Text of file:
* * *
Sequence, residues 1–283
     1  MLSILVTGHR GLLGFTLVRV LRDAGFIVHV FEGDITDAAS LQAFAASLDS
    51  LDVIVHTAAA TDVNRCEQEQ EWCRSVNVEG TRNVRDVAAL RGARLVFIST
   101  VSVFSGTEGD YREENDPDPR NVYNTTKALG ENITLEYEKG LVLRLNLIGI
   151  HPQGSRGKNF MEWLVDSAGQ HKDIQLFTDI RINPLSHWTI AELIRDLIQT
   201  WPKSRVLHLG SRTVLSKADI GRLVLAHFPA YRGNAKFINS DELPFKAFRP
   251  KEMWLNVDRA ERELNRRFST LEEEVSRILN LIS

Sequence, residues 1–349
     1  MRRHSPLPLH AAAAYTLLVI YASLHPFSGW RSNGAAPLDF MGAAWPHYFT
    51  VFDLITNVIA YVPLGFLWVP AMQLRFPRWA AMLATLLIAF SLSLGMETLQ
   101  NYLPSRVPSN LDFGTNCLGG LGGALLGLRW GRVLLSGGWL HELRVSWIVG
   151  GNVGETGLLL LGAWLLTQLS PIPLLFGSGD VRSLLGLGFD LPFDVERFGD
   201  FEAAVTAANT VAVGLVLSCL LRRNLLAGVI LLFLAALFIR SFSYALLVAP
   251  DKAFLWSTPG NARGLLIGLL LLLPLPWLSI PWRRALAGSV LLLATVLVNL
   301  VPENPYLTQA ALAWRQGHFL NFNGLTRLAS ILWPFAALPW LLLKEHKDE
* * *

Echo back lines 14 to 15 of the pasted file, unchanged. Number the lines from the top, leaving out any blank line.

   251  DKAFLWSTPG NARGLLIGLL LLLPLPWLSI PWRRALAGSV LLLATVLVNL
   301  VPENPYLTQA ALAWRQGHFL NFNGLTRLAS ILWPFAALPW LLLKEHKDE